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قراءة كتاب Hopes and Fears for Art

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‏اللغة: English
Hopes and Fears for Art

Hopes and Fears for Art

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دار النشر: Project Gutenberg
الصفحة رقم: 10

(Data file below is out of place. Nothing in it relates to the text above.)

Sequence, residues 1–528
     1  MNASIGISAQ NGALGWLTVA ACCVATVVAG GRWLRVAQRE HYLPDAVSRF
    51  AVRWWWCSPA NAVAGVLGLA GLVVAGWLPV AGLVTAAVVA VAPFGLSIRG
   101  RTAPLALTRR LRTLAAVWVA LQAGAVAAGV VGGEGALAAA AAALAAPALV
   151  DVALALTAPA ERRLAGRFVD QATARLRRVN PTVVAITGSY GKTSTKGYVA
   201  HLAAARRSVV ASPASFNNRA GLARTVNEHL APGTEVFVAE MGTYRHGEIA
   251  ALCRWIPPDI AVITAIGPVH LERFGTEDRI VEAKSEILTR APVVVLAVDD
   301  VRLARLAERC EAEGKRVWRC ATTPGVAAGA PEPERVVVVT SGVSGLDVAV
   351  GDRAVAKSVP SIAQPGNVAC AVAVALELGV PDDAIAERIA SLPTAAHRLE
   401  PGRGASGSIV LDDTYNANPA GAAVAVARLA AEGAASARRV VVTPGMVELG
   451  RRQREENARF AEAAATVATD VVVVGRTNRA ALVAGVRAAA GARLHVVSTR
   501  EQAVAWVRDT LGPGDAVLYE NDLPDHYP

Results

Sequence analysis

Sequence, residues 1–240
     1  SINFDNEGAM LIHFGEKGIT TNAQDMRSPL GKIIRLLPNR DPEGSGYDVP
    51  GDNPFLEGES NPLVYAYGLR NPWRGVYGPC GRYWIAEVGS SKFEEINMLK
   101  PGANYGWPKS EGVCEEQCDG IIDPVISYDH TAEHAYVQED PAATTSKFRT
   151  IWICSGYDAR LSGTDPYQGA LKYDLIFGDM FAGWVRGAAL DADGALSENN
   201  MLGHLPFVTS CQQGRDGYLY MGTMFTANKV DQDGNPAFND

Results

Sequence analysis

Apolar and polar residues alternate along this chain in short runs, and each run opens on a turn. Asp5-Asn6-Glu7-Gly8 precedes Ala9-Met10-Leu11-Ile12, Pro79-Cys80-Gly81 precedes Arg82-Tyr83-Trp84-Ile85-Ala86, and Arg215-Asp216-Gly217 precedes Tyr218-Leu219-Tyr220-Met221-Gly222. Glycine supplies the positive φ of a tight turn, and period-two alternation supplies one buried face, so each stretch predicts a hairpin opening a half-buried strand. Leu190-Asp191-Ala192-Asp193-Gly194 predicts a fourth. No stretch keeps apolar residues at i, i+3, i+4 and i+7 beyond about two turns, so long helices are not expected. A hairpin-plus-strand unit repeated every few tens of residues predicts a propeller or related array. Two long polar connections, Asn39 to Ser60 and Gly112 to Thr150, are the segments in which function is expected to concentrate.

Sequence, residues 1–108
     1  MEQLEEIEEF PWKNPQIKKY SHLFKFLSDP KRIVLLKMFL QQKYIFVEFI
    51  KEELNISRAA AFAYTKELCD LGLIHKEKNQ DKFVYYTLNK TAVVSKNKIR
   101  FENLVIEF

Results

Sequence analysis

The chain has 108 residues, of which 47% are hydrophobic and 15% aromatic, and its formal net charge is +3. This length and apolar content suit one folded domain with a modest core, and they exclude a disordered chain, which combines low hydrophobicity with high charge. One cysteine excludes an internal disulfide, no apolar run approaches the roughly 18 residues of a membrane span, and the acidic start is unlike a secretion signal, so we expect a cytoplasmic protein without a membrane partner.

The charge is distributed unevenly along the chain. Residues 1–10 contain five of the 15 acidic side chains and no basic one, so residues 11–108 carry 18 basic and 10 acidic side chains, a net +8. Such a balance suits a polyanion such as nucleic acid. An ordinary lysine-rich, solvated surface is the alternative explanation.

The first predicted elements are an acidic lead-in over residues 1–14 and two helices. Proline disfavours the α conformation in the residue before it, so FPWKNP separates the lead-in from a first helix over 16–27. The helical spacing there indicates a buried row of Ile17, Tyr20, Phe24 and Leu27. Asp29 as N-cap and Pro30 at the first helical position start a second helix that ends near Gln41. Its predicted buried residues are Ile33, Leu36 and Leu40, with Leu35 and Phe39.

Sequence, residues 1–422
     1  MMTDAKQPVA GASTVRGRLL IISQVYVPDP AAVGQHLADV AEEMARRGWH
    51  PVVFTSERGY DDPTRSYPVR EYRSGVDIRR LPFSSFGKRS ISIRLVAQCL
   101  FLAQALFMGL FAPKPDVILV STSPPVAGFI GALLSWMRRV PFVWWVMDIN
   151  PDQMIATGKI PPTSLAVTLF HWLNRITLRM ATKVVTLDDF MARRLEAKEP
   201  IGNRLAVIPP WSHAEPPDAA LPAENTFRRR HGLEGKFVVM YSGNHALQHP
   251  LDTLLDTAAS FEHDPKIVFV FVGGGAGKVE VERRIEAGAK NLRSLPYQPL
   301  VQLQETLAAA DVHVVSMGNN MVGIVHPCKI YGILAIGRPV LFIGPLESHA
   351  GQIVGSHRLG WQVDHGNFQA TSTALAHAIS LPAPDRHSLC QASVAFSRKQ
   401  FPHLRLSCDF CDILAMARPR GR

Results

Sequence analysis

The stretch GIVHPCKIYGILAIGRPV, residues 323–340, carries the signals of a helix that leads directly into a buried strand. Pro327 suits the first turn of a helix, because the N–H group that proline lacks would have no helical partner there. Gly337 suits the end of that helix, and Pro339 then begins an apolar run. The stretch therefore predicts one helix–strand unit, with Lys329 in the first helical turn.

of the great peninsula have been for long treated as matters of no importance, to be thrust aside for the advantage of any paltry scrap of so-called commerce; and matters are now speedily coming to an end there.  I daresay some of you saw the presents which the native Princes gave to the Prince of Wales on the occasion of his progress through India.  I did myself, I will not say with great disappointment, for I guessed what they would be like, but with great grief, since there was scarce here and there a piece of goods among these costly gifts, things given as great treasures, which faintly upheld the ancient fame of the cradle of the industrial arts.  Nay, in some cases, it would have been laughable, if it had not been so sad, to see the piteous simplicity with which the conquered race had copied the blank vulgarity of their lords.  And this deterioration we are now, as I have said, actively engaged in forwarding.  I have read a little book, [50] a handbook to the Indian Court of last year’s Paris Exhibition, which takes the occasion of noting the state of manufactures in India one by one.  ‘Art manufactures,’ you would call them; but, indeed, all manufactures are, or were, ‘art manufactures’ in India.  Dr. Birdwood, the author of this book, is of great experience in Indian life, a man of science, and a lover of the arts.  His story, by no means a new one to me, or others interested in the East and its labour, is a sad one indeed.  The conquered races in their hopelessness are everywhere giving up the genuine practice of their own arts, which we know ourselves, as we have indeed loudly proclaimed, are founded on the truest and most natural principles.  The often-praised perfection of these arts is the blossom of many ages of labour and change, but the conquered races are casting it aside as a thing of no value, so that they may conform themselves to the inferior art, or rather the lack of art, of their conquerors.  In some parts of the country the genuine arts are quite destroyed; in many others nearly so; in all they have more or less begun to sicken.  So much so is this the case, that now for some time the Government has been furthering this deterioration.  As for example, no doubt with the best intentions, and certainly in full sympathy with the general English public, both at home and in India, the Government is now manufacturing cheap Indian carpets in the Indian gaols.  I do not say that it is a bad thing to turn out real work, or works of art, in gaols; on the contrary, I think it good if it be properly managed.  But in this case, the Government, being, as I said, in full sympathy with the English public, has determined that it will make its wares cheap, whether it make them nasty or not.  Cheap and nasty they are, I assure you; but, though they are the worst of their kind, they would not be made thus, if everything did not tend the same way.  And it is the same everywhere and with all Indian manufactures, till it has come to this—that these poor people have all but lost the one distinction, the one glory that conquest had left them.  Their famous wares, so praised by those who thirty years ago began to attempt the restoration of popular art amongst ourselves, are no longer to be bought at reasonable prices in the common market, but must be sought for and treasured as precious relics for the museums we have founded for our art education.  In short, their art is dead, and the commerce of modern civilisation has slain it.